Living near a woodland is good for children’s mental health, according to researchers at University College London.
In what is believed to be one of the largest studies of its kind, the researchers used longitudinal data relating to over 3,500 children aged nine to 15 years from 31 schools across London.
They then used satellite data to calculate each adolescent’s daily exposure to green space (woods, meadows and parks) and blue space (rivers, lakes and the sea).
After adjusting for other variables, the results showed that higher exposure to woodland was associated with higher scores for cognitive development and a 16% lower risk of emotional and behavioural problems two years later.
The researchers note that the level of air pollution might have influenced adolescents’ cognitive development, but they did not feel these observations were reliable or conclusive, and these require further investigations.
It is currently estimated that one in 10 of London’s children and adolescents between the ages of five and 16 suffer from a clinical mental health illness.
Therefore, the authors have highlighted that urban planning decisions to optimise benefits linked to cognitive development and mental health should carefully consider the type of natural environment included.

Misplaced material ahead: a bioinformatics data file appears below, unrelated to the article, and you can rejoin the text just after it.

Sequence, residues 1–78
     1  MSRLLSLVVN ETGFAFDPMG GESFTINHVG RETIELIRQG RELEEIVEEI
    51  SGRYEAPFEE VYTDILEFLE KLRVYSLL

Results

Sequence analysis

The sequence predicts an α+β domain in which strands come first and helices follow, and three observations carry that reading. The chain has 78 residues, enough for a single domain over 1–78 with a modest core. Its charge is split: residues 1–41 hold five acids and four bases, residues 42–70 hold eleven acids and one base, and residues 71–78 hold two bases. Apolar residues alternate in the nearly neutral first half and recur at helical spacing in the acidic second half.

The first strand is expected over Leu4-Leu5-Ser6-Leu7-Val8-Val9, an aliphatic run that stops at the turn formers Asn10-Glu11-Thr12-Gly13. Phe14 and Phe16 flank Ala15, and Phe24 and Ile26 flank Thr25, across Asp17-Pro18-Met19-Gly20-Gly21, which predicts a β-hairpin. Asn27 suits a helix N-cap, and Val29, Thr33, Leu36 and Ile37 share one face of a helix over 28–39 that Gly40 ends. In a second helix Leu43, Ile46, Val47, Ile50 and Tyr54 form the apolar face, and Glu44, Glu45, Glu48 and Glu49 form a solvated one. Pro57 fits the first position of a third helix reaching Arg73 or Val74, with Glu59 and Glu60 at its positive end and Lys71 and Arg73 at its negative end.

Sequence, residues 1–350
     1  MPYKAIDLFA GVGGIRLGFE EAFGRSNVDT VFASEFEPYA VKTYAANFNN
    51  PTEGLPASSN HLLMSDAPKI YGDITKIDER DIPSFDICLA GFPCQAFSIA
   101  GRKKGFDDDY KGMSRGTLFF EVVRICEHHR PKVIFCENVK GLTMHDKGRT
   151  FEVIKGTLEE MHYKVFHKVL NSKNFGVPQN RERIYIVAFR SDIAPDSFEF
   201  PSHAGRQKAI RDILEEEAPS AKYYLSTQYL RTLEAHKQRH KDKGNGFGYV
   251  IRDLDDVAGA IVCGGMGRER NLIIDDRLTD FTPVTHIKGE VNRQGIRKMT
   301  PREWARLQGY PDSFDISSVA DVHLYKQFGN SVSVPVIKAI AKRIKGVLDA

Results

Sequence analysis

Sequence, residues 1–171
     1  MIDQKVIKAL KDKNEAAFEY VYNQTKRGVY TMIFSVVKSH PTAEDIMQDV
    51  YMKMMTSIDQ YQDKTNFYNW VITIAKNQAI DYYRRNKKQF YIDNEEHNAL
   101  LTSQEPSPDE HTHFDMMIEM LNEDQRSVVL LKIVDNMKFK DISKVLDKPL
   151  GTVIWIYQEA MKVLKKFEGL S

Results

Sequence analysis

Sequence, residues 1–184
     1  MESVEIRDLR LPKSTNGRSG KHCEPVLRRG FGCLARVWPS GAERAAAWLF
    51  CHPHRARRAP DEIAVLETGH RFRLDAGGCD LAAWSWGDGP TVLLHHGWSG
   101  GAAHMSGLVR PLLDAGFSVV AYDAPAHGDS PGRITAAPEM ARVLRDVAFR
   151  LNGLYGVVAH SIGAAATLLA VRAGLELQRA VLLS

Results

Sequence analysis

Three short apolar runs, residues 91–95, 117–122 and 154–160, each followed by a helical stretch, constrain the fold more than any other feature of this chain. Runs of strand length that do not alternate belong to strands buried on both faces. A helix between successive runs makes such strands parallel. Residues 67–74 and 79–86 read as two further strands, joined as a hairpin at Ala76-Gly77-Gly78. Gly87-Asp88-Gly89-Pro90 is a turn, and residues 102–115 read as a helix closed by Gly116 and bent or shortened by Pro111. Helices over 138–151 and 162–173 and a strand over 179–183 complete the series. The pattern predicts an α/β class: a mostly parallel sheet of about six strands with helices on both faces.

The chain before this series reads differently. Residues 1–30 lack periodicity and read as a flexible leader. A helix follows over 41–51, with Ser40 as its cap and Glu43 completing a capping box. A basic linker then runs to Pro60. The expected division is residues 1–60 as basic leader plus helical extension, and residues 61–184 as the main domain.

The lead author of the study, PhD student Mikaël Maes said: ‘Previous studies have revealed positive associations between exposure to nature in urban environments, cognitive development and mental health. Why these health benefits are received remains unclear, especially in adolescents.
‘These findings contribute to our understanding of natural environment types as an important protective factor for an adolescent’s cognitive development and mental health and suggest that not every environment type may contribute equally to these health benefits.
‘Forest bathing, for example (being immersed in the sights, sounds and smells of a forest), is a relaxation therapy that has been associated with physiological benefits, supporting the human immune function, reducing heart rate variability and salivary cortisol, and various psychological benefits. However, the reasons why we experience these psychological benefits from woodland remain unknown.’
Photo by Annie Spratt